The Future

With the cessation of commercial whaling and sealing in the Antarctic Sector of the Pacific, one is tempted to say there cannot now be any serious threat to the survival of the animals in that isolated region. Indeed, we have seen that for some marine mammals the signs are encouraging — the populations are increasing rapidly (fur seals) or slowly (blue whales), and there are substantial numbers of other species still present (sperm whales, crabeater and Weddell seals).

There are, however, some disquieting facts as yet not fully understood or explained — the well documented decrease in elephant seal numbers at Mac-quarie Island and elsewhere in the Southern Ocean (Pascal, 1985), and the still very small numbers of southern right whales and humpbacks, whale species that have had the longest protection from exploitation.

It now seems obvious that the removal of huge numbers of whales and seals from the Southern Ocean over the past 200 years must have affected the Antarctic ecosystem: the competitive balance is such that a change in the abundance of any one species in the food web can have consequent changes in the abundance of other species. Laws (1977,1981) referred to the possible increased availability of krill and other low-level consumers, such as fish and squid, and warned of the consequences to the Antarctic ecosystem of high levels of uncontrolled harvesting of those species. Already there have been significant depletions of Antarctic and Subantarctic fish stocks, indicating poor management of that resource (see Bed-dington, 1987).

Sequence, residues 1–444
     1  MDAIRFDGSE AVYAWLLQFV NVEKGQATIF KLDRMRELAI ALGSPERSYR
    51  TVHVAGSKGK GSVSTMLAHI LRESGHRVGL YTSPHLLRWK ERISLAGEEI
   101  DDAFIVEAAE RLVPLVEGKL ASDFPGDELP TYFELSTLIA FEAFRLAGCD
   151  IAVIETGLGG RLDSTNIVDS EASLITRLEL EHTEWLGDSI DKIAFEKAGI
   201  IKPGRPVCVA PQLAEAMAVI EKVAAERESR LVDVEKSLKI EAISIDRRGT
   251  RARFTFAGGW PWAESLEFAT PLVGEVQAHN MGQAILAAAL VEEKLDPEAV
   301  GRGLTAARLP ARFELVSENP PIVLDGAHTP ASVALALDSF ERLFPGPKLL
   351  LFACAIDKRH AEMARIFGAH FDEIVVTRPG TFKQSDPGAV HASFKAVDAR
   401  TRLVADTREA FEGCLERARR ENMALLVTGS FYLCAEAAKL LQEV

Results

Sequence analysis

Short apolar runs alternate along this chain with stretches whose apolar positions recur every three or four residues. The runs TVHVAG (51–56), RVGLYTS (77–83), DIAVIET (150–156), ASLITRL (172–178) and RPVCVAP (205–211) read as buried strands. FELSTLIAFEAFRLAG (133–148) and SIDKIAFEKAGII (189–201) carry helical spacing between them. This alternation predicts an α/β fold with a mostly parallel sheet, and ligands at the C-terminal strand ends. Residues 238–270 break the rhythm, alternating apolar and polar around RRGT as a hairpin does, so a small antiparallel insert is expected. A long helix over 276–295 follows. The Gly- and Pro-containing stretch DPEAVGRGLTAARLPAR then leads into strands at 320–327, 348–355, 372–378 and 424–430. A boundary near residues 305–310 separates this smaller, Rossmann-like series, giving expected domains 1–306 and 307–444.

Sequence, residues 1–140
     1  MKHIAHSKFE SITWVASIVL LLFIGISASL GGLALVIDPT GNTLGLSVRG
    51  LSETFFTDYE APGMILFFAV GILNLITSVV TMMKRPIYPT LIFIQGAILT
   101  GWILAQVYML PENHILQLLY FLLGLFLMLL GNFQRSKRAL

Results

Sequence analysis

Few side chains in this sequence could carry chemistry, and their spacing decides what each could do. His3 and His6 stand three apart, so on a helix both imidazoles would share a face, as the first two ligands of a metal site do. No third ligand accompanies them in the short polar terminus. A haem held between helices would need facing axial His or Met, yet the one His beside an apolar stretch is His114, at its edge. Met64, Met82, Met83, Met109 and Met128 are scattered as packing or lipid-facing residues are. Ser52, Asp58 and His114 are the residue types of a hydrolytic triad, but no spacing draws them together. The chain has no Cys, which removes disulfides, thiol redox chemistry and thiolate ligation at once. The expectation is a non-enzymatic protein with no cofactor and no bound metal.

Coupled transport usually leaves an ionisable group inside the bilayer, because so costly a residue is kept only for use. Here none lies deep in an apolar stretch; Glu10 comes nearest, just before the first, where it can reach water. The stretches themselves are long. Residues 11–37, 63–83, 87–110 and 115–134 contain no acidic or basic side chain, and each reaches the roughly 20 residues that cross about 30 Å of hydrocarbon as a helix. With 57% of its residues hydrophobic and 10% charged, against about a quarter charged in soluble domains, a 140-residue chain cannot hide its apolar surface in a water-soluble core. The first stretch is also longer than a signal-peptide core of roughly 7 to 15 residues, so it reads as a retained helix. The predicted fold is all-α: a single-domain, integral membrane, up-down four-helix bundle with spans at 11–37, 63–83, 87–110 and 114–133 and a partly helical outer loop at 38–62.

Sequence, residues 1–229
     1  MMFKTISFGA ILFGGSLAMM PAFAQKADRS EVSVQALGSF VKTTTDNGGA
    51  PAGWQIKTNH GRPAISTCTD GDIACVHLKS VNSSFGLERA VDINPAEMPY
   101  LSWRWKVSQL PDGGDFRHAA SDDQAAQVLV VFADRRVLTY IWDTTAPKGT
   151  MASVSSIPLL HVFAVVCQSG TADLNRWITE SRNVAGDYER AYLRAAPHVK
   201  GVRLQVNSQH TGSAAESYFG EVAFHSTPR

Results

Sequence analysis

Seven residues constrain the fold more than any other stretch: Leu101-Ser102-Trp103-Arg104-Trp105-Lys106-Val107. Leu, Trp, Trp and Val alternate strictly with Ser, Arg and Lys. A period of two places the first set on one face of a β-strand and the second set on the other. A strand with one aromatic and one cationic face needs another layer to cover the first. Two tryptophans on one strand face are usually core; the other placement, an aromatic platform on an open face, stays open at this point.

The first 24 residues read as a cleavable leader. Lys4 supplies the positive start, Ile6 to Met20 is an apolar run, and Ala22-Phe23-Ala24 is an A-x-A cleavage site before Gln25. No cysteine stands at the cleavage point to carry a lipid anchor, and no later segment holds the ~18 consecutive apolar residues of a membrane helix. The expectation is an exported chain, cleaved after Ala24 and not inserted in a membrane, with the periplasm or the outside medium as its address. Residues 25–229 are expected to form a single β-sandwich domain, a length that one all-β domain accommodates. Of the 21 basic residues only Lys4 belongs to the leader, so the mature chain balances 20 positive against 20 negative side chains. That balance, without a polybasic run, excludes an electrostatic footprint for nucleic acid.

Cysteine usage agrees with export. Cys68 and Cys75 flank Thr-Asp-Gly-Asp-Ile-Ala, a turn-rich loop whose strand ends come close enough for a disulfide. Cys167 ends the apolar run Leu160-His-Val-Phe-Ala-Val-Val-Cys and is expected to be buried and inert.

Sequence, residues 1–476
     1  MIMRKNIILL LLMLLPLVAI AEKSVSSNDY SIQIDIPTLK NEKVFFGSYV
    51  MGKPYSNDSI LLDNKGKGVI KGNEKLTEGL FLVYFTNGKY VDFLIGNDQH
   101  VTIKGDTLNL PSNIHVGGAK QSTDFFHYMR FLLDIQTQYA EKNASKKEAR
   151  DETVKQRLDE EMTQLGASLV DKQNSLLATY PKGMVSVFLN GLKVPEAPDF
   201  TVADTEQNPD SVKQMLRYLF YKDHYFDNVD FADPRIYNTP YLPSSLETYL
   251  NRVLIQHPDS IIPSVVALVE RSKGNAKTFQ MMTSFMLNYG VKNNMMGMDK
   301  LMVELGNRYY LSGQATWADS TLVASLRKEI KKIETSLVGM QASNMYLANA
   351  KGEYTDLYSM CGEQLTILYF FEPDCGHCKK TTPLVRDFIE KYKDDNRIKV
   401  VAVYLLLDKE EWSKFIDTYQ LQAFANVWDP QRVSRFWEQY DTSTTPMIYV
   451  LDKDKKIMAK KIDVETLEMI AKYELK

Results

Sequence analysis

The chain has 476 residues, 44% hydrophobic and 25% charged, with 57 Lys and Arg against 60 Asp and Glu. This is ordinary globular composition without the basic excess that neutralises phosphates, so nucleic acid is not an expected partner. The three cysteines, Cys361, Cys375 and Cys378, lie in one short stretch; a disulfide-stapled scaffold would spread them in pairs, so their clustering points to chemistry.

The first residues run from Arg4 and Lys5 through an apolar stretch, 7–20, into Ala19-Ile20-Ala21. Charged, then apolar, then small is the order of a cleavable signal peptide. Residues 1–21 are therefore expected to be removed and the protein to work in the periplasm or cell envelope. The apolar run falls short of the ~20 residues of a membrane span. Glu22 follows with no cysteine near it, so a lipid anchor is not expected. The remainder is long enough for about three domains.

One concern is that extensive harvesting of krill, for example, could reduce the food resources available to the depleted baleen whale populations, and thus restrict their recovery. Krill is potentially the largest resource in the Southern Ocean, and can be marketed whole, processed into proteins and vitamins used in cheese manufacture, or used for fish meal to feed farm animals.

New threats to the Southern Ocean ecosystem include pollution (oil, plastics, abandoned fishing gear, etc.) and environmental changes such as global warming due to the "greenhouse effect", with consequent changes in ocean current patterns.

The conservation of marine mammals in the Antarctic Sector of the Pacific has been commented on by many writers over the past century. It must be emphasized that successful conservation still depends on the dynamics of the Antarctic ecosytem, of which we are still largely ignorant, being constantly addressed through international scientific effort, and a satisfactory international management regime being developed within the Convention of Antarctic Living Marine Resources, which can be enforced under the Antarctic Treaty. The machinery for co-operative research is in place and operating (BIOMASS — "Biological Investigations of Marine Antarctic Systems and Stocks" — isa 10-year non-governmental programme co-sponsored by the FAO and the International Association of Biological Oceanographers), and the IWC conducts research on whales within that framework. There must be continuing international logistic and financial support for such programmes to ensure their long-term survival. The welfare of marine mammals in the Antarctic ecosystem may well depend on them.

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